We welcome the recent commitment by the Welsh Government to make 20mph the default speed limit in residential areas.  Slower speeds encourage people to walk and cycle more. We look forward to working with the Welsh Government towards implementation.


Where new infrastructure is being created, we would like to see that the absolute best street design and public realm is delivered for people walking, this could for example include aiming for +A pedestrian comfort levels for new infrastructure.******

****Living Streets (2018) Swap the school run for a school walk. From:

*****London Living Streets (2019). Electric vehicle charging infrastructure. From:

******TFL (2010). Pedestrian Comfort Guidance for London. From:



4.        How should the new Wales Transport Strategy reflect the actions needed to decarbonise transport?


The Wales Transport Strategy must set out a vision for transport in Wales that is forward looking, sustainable and effective. The strategy needs to outline a vision for a Wales transport system that offers real alternatives. One that people can get behind. It must provide realistic solutions to the barriers people feel are there which limit their options. Be clear that this is not about telling people they can’t drive, but about ensuring that the alternative is a realistic, attractive, sustainable option for them.

This vision must be backed up with challenging targets that reflect a much-needed change in culture. The Wales Transport Strategy must have a wide range of active travel targets for the types of people we need to see walking more and the types of journeys we make, for example, children walking to school at both primary and secondary age, adults commuting to work, older people who are making local journeys in their community on foot, all short journeys of less than two miles made on foot.

The Wales Transport Strategy should ensure an approach such as Healthy Streets******* is embedded in all aspects of the delivery of the strategy.  We would like to see tools such as the Healthy Streets Check for Designers or the Healthy Streets survey used to assess the impact of new developments in our towns and cities and that public health is considered to ensure it is truly embedded in the culture of future street development.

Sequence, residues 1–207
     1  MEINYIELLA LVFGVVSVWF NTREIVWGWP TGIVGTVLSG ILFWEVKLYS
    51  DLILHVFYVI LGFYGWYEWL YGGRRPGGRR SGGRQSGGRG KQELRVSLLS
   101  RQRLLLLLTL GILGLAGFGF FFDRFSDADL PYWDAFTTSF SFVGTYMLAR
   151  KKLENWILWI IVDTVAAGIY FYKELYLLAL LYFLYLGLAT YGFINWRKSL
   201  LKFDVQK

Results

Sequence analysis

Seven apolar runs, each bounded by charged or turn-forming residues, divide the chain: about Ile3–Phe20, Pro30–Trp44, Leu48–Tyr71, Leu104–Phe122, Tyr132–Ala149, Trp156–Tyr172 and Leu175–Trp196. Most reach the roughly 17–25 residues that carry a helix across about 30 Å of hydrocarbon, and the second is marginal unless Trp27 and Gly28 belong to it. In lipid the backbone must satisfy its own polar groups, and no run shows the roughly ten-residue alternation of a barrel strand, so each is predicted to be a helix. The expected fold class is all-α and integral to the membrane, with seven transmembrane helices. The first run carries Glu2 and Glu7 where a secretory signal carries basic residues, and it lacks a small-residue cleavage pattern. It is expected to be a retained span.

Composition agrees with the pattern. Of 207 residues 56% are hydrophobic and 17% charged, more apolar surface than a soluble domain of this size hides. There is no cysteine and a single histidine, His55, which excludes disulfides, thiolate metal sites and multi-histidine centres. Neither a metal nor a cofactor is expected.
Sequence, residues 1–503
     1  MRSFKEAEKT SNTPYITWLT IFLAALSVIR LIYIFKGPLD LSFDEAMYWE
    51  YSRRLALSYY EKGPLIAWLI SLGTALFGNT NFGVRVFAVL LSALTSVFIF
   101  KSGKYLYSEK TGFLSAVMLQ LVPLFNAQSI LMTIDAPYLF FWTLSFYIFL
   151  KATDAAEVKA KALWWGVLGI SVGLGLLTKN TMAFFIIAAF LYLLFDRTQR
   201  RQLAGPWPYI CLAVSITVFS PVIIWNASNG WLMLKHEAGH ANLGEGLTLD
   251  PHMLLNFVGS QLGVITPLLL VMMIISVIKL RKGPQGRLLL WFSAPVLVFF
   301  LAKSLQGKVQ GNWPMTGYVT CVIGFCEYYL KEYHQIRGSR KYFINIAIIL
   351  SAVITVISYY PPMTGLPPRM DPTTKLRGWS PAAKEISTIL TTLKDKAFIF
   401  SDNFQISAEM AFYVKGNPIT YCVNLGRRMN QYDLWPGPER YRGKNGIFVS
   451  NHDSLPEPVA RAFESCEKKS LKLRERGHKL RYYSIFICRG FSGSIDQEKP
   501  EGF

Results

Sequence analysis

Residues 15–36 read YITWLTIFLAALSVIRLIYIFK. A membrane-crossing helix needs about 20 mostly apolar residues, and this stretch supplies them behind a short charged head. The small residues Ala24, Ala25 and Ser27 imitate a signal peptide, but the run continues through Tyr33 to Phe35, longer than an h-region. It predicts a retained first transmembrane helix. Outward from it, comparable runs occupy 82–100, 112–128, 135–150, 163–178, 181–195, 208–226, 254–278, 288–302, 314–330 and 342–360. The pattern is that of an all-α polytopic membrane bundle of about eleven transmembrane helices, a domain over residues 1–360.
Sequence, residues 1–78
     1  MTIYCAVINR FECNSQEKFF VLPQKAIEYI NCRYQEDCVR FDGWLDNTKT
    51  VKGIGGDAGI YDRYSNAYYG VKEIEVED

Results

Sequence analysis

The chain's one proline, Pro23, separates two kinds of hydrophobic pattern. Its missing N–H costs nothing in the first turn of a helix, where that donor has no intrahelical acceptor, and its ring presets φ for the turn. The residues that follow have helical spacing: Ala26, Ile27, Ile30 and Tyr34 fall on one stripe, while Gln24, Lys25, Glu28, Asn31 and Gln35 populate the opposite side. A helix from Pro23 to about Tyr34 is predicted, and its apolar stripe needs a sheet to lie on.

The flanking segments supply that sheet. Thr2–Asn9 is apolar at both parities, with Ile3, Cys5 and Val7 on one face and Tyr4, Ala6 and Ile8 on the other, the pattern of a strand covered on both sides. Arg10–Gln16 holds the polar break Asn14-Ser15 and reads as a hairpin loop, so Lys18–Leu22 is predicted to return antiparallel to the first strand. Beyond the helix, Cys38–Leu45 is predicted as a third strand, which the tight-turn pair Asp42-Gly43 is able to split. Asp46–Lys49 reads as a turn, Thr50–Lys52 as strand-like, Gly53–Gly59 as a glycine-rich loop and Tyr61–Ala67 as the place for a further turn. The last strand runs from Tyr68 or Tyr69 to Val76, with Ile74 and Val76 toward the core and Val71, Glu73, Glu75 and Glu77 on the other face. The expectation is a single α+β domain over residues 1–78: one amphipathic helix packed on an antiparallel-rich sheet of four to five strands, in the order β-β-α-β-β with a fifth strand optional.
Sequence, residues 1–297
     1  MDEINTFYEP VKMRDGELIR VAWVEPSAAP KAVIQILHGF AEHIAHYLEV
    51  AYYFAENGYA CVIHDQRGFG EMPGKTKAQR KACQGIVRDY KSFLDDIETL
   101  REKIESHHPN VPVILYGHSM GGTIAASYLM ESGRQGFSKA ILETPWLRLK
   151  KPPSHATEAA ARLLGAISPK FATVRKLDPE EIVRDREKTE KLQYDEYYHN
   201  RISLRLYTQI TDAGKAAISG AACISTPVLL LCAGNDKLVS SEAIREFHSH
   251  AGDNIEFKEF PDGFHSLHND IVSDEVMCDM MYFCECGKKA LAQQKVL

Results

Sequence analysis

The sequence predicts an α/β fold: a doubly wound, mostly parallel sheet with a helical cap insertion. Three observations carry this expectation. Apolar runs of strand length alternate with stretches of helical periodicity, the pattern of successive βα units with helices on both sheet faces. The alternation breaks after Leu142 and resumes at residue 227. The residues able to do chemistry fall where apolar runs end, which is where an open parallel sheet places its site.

We would like to see bold measures such as the encouragement of a Workplace Parking Levy with employers offered a business support package of travel planning and parking management. In Nottingham, the WPL generates around £9m per year from more than 24,800 registered parking spaces, with surpluses ring-fenced for investment in public transport, including new tram lines, extending the bus and rail network, and investing in electric buses. The scheme has been very successful at reducing air pollution, encouraging mode shift, and funding public transport improvements, and other local authorities are considering similar measures********. The encouragement of Charging Clean Air Zones would also be a welcome move.


********Hallam, N. & Gibbons, A. (2017) A winning policy: Nottingham's Workplace Parking Levy.




5.        Do you have any other points you wish to raise within the scope of this inquiry?


Living Streets supports the recommendations made by the Future

Generations Commissioner for Wales in her report The 10-Point Plan to Fund Wales’ Climate Emergency which suggests a minimum of 10% of the transport budget (20% of the capital budget) should be allocated for funding walking and cycling infrastructure - £60 million per annum, as opposed to the £60m currently allocated over three years.


We also agree with the recommendation to increase funding for public transport in order to enable more stages of journeys to be made on foot and for public transport and active travel to be meaningfully integrated. The recommendation is for at least 50% of the Welsh Government’s transport capital budget to be allocated to improving public transport across Wales - £150 million allocation in the next annual budget.


We would further call for the Welsh Government to invest in revenue funding, beyond what is already being delivered, which will enable people to be better supported into making the lifestyle choices required if we are to realise a significant modal shift across the Welsh population. Capital funding is not going to achieve the required step-change without investing properly in promotional and behaviour change interventions to encourage people to use the infrastructure available.


We welcome acknowledgment that the third sector has a significant role to play in driving forward this agenda (page 47): “Third Sector and Local Leadership Voluntary organisations are uniquely placed to promote decarbonisation and influence others. Through awareness campaigns and education programmes the third sector can grow interest, helping people take personal pledges and commitments to reduce their emissions” and believe that the sector should be properly resourced to do so.